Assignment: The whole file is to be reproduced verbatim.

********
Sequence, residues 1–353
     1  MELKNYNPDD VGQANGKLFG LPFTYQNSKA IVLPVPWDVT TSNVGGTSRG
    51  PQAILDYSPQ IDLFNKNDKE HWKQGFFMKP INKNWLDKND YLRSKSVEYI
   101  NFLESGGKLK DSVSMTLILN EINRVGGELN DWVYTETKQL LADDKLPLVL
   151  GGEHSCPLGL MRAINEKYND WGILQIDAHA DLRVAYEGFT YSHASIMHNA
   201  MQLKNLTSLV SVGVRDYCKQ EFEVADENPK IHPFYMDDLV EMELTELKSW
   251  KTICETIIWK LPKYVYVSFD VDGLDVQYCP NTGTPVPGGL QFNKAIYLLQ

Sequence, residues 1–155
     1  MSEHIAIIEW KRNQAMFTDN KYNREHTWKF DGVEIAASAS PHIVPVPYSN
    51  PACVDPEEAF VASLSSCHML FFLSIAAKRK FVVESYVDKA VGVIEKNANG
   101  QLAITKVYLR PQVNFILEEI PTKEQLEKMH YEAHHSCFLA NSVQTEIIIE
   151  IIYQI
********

Sequence, residues 1–353
     1  MELKNYNPDD VGQANGKLFG LPFTYQNSKA IVLPVPWDVT TSNVGGTSRG
    51  PQAILDYSPQ IDLFNKNDKE HWKQGFFMKP INKNWLDKND YLRSKSVEYI
   101  NFLESGGKLK DSVSMTLILN EINRVGGELN DWVYTETKQL LADDKLPLVL
   151  GGEHSCPLGL MRAINEKYND WGILQIDAHA DLRVAYEGFT YSHASIMHNA
   201  MQLKNLTSLV SVGVRDYCKQ EFEVADENPK IHPFYMDDLV EMELTELKSW
   251  KTICETIIWK LPKYVYVSFD VDGLDVQYCP NTGTPVPGGL QFNKAIYLLQ

Sequence, residues 1–155
     1  MSEHIAIIEW KRNQAMFTDN KYNREHTWKF DGVEIAASAS PHIVPVPYSN
    51  PACVDPEEAF VASLSSCHML FFLSIAAKRK FVVESYVDKA VGVIEKNANG
   101  QLAITKVYLR PQVNFILEEI PTKEQLEKMH YEAHHSCFLA NSVQTEIIIE
   151  IIYQI